Israel has released 26 Palestinian prisoners as part of a deal that will see peace talks resume on Wednesday.
Buses carrying the inmates drove them from a prison in central Israel to the Beitunia checkpoint in the West Bank and the Erez crossing with Gaza.
Palestinian President Mahmoud Abbas greeted the 11 sent to the West Bank, while crowds met the other 15 in Gaza.
Israeli and Palestinian representatives will begin direct talks in Jerusalem after a three-year hiatus.
'Just the first'
The BBC's Yolande Knell says there was a festive atmosphere in the West Bank village of Beitunia when the freed prisoners passed through the nearby checkpoint on Tuesday evening.
The men were then driven to the Muqataa presidential compound in Ramallah, where they were kissed and embraced by President Abbas.
Celebrations have begun in the West Bank and in the
Gaza Strip to welcome home the prisoners. Most have
been in jail for some 20 years.
On the Palestinian side, the men are viewed as heroes
of the nationalist cause.
But many were convicted of murder and most Israelis
view them as terrorists.
The Israeli prison service arranged this handover late
at night to make it less of a spectacle.
They then prayed at the tomb of the late Palestinian leader, Yasser Arafat, before joining the president on a podium to cheers from hundreds of people waiting to see them.
In a speech, Mr Abbas said he would not rest "until we free all the prisoners from Israeli jails".
"We congratulate ourselves and our families for our brothers who left the darkness of the prisons for the light of the sun of freedom. We say to them and to you that the remainder are on their way, these are just the first," he added.
Israel has agreed to free a further 78 long-serving prisoners as part of a deal to revive the peace process. The releases will take place in four tranches over a period of nine months, depending on progress in the talks.
Later, the former prisoners were mobbed by relatives, friends and well-wishers. Several of them were hoisted onto shoulders and paraded through the crowd.
In the northern Gaza Strip, hundreds of people gathered at the Palestinian side of the Erez crossing to greet the prisoners. Fireworks lit the night sky, as supporters of the rival Hamas and Fatah factions, including several masked gunmen, made victory signs and waved flags.
Earlier in the evening, two buses carrying the 26 Palestinians, many of whom were convicted of grisly killings, left Ayalon prison near Tel Aviv. Relatives of their victims, many with their hands painted red, jeered and briefly tried to block the road.
Israeli President Shimon Peres: "One state for the two nations means to internalise the conflict between us"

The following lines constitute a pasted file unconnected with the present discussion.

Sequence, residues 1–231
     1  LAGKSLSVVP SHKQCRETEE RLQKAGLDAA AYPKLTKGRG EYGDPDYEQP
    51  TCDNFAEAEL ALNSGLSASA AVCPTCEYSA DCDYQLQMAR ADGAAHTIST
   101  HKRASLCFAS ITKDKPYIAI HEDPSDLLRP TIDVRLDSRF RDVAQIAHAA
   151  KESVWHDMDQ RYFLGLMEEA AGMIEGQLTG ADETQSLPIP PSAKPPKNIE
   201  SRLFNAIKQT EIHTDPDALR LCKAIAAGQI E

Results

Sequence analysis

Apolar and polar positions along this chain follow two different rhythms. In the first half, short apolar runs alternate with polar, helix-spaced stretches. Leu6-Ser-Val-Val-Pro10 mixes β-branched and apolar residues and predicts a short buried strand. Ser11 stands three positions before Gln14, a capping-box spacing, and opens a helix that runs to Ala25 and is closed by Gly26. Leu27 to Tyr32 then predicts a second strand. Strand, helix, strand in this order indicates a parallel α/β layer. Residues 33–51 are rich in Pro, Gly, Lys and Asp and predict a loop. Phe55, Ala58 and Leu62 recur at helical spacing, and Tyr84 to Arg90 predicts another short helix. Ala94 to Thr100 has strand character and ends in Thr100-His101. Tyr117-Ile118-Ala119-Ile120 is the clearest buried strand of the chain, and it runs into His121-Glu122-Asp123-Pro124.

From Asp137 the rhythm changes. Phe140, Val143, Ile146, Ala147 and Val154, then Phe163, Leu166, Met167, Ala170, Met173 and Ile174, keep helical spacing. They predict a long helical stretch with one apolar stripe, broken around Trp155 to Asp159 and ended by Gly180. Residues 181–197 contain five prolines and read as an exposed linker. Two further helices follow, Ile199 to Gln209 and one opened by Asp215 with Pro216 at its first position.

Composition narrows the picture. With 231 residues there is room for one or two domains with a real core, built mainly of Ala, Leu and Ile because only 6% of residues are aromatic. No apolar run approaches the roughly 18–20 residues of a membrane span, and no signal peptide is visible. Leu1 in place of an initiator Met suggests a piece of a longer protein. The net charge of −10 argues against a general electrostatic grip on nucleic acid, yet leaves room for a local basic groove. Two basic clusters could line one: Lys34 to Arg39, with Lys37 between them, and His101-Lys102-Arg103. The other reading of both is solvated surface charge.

One bus headed off to the Erez crossing, while the other went to Ofer prison, near Ramallah, where they were handed over to Palestinian officials before being taken to Ramallah.
The released prisoners were named by the Israeli Prison Service shortly after midnight on Sunday, giving Israelis 48 hours to submit legal challenges to the Supreme Court. The court rejected an appeal by a victims' rights group that objected to all the releases on Tuesday.
The prisoners are seen as heroes of the Palestinian cause, but on the Israeli side they are simply seen as terrorists, our correspondent says.
"I want to see this 'hero' coming back home, saying that he killed a 34-year-old pregnant woman and a five-year old kid," said Avi Moses, who lost his wife and son in a bomb attack in 1987. "They should be ashamed of themselves. They are cowards."
Settlement move 'expected'
Despite the positive Palestinian reaction to the prisoner releases, many fear Wednesday's talks will be overshadowed by the Israeli housing ministry's decision on Sunday to issue tenders for the building of 793 housing units in East Jerusalem and 394 elsewhere in the West Bank.
Palestinian representatives accused Israel of trying to sabotage the negotiations.
Palestinian President Mahmoud Abbas greeted the
released prisoners, as Yolande Knell reports
About 500,000 Jews live in more than 100 settlements built since Israel's 1967 occupation of the West Bank and East Jerusalem. The settlements are considered illegal under international law, though Israel disputes this.
On Monday, US Secretary of State John Kerry urged the Palestinians "not to react adversely".
He said the announcement was "to some degree expected", but that he did not expect it would derail the negotiations.
Mr Kerry stated that the US "views all of the settlements as illegitimate" and had "communicated that policy very clearly to Israel".
"I think that what this underscores, actually, is the importance of getting to the table and getting to the table quickly," he added.
On Tuesday, it emerged that the municipality of Jerusalem had approved a further 900 homes close to the Jewish settlement of Gilo in East Jerusalem. A city councillor said construction would not begin for years.
Our correspondent says that when Israeli and Palestinian negotiators return to the negotiating table on Wednesday it will be in a charged atmosphere of renewed mistrust.